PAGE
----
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‘Never have we seen the kind of vitriol and anger’ that police are enduring now: Illinois FOP

Recent protests have shown a sharp increase in radical actors whose goals center more on destroying property and injuring innocent citizens and police than on enacting social change.

Chicago Police Department officers and Illinois State Police form a human barricade in the Bronzeville neighborhood during an anti-police brutality protest on Aug. 15, 2020.
Chicago Police Department officers and Illinois State Police form a human barricade in the Bronzeville neighborhood during an anti-police brutality protest on Aug. 15, 2020.
Pat Nabong/Sun-Times

For more than 50 years, the Illinois Fraternal Order of Police has worked to increase the efficiency of the law enforcement profession and more firmly establish public confidence in the service dedicated to the protection of life and property.

Today, the FOP represents a diverse group of over 35,000 police officers throughout our state. These officers go to work every day, their spouses praying they return safely, so they can provide for their families. They are members of your community; their children attend school with your children. They are husbands, wives, fathers, mothers, sons, daughters, uncles, aunts, Little League coaches, church members, school board members, neighbors and so much more.

As advocates for police officers, the FOP has seen many trends in public perception through the decades. But never have we seen the kind of vitriol and anger that our men and women have encountered in recent months.

In many recent news publications, we see, side-by-side, stories of protests next to stories of police officers being assaulted while doing their assigned duties. In recent weeks, we have seen officers being attacked with rocks, bricks, frozen water bottles and fireworks. We have even seen reports of restaurant employees spitting in and soiling food and drinks being served to officers. It is hard to imagine any other profession where such treatment of public servants would be so casually accepted.

We fully understand the tragic death of George Floyd in Minnesota has severely undermined the mission of the Illinois FOP in establishing and maintaining public trust in law enforcement. We further recognize the protests that followed began as peaceful endeavors to exercise First Amendment rights.

However, as these protests have progressed, there has been a sharp increase in radical actors whose goals center more on destroying property and injuring innocent citizens and police than they do on enacting social change. It is important that we condemn, in the sharpest possible terms, not only any individual who takes action to harm innocent civilians and peace officers, but any elected leader or media outlet that justifies and praises senseless acts of violence against the police or our community.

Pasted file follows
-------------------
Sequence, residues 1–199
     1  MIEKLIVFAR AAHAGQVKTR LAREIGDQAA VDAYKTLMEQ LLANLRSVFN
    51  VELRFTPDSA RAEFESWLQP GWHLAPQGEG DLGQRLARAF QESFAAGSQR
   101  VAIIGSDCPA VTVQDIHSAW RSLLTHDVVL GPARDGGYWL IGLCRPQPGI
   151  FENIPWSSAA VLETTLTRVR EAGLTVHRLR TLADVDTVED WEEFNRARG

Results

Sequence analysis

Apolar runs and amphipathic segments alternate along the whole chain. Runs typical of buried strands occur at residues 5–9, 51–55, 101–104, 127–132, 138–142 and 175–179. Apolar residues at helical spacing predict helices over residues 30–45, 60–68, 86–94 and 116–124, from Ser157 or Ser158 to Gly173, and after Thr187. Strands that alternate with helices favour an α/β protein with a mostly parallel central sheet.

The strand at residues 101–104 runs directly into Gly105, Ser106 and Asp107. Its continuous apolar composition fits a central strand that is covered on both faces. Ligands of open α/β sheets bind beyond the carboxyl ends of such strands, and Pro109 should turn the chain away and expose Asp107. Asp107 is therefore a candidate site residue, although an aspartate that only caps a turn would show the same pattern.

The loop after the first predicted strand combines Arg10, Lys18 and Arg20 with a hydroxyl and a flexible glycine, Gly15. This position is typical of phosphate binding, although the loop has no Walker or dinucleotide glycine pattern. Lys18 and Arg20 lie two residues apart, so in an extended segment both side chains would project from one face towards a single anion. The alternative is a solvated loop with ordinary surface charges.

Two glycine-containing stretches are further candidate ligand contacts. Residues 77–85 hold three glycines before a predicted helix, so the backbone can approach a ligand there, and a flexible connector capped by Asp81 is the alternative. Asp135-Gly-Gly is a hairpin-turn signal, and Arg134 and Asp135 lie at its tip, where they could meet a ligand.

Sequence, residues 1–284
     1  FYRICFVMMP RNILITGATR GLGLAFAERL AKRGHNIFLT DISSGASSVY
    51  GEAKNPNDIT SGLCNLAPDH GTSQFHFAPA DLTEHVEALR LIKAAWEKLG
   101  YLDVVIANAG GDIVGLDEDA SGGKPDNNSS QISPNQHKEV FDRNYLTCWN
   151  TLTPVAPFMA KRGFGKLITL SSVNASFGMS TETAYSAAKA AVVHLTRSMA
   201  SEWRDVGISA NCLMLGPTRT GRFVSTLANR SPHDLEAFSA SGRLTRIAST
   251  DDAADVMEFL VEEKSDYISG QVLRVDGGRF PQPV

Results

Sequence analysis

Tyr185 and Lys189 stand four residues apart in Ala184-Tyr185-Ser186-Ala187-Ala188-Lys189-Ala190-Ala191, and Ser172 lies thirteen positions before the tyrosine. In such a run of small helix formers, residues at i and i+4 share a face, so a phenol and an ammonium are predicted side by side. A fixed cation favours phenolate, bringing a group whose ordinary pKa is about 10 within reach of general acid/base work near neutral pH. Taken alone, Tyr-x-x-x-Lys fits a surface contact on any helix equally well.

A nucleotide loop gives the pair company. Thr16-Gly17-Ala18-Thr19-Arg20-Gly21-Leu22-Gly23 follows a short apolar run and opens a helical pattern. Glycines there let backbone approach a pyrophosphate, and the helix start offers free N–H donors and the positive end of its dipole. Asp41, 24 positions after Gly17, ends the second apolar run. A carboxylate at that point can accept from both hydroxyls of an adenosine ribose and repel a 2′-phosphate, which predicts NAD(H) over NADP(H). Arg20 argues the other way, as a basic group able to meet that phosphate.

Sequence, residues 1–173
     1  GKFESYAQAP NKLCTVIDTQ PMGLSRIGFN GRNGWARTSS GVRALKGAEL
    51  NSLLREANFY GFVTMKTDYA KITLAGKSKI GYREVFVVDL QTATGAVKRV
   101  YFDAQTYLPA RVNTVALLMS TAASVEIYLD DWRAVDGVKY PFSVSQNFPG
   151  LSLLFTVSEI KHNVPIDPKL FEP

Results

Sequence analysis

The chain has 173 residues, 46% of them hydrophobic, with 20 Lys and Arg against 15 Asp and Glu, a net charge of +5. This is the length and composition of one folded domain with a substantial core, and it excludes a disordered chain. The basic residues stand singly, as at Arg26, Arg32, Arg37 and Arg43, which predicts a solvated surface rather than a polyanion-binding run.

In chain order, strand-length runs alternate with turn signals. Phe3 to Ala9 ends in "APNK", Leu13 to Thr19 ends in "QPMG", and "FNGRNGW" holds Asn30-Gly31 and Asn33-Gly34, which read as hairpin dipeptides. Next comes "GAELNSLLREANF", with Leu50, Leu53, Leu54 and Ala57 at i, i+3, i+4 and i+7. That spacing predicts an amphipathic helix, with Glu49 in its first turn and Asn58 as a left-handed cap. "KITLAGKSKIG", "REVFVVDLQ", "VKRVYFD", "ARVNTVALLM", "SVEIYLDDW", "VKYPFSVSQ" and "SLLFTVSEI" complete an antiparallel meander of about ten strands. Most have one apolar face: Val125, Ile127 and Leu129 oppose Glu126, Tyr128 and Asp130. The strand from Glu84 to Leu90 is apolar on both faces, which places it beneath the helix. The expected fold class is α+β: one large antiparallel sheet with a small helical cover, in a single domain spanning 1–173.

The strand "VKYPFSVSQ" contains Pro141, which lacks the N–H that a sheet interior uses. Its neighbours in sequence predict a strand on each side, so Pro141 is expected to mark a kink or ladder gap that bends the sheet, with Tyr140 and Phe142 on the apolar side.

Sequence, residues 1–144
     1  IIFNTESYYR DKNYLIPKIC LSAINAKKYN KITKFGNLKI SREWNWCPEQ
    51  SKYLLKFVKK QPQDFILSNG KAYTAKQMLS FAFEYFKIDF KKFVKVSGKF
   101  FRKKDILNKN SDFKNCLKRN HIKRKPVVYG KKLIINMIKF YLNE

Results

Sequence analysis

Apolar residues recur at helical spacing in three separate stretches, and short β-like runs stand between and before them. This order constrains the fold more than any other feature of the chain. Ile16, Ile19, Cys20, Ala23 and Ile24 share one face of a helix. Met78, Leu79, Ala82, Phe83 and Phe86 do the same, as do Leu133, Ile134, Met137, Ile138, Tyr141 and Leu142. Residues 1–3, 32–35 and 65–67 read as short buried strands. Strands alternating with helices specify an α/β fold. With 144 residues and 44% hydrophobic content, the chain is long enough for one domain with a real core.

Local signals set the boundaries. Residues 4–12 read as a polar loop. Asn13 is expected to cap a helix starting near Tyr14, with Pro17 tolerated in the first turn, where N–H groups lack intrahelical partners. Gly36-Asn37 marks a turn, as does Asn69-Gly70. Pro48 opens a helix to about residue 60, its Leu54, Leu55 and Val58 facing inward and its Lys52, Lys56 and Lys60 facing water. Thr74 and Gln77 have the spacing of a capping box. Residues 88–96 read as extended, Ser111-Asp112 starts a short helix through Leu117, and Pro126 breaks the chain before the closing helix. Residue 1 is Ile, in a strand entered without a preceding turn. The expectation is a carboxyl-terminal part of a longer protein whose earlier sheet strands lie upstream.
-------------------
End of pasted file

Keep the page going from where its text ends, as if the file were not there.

Law enforcement is much more than just front-line police; it is a system with multiple parts and players. Police have a job to do, as do prosecutors. When elected prosecutors chase political favor and refuse to prosecute criminals who viciously attack police, it sends a crystal-clear message that the system is no longer functioning.

Failure to hold bad actors accountable will only ensure that what has already been a long summer will be even longer and more dangerous for police officers and peaceful protesters alike.

Clearly, with what we have seen in the past few months, broad institutional reform is needed in Illinois and the nation. One incident may have provided the spark, but underneath it lay decades of kindling. Economic stagnation, social stratification, redlining, the pandemic, along with numerous other issues have all helped to lay the foundation for unrest.

Not one of these political decisions was made by a law enforcement officer. Yet it falls to the police to protect their cities when the political failures mount too high to contain public outrage.

As law enforcement leaders, the FOP has engaged in multiple negotiations on a variety of police reforms through the years, including but not limited to banning excessive chokeholds, instituting body cameras and expanded tactical training.

We look forward to being active participants and advocates for our officers and to assist the conversation by providing first-hand insight and knowledge that only experience in the field can bring.

We stand ready to work with any elected leaders who share our goal of improving all aspects of law enforcement. We ask all our partners in law enforcement and the lawmaking process to stand with us in our shared goal of ensuring that citizens, as well as our law enforcement professionals, are able to safely return home to their families each night.

Chris Southwood is State Lodge President, Illinois Fraternal Order of Police.

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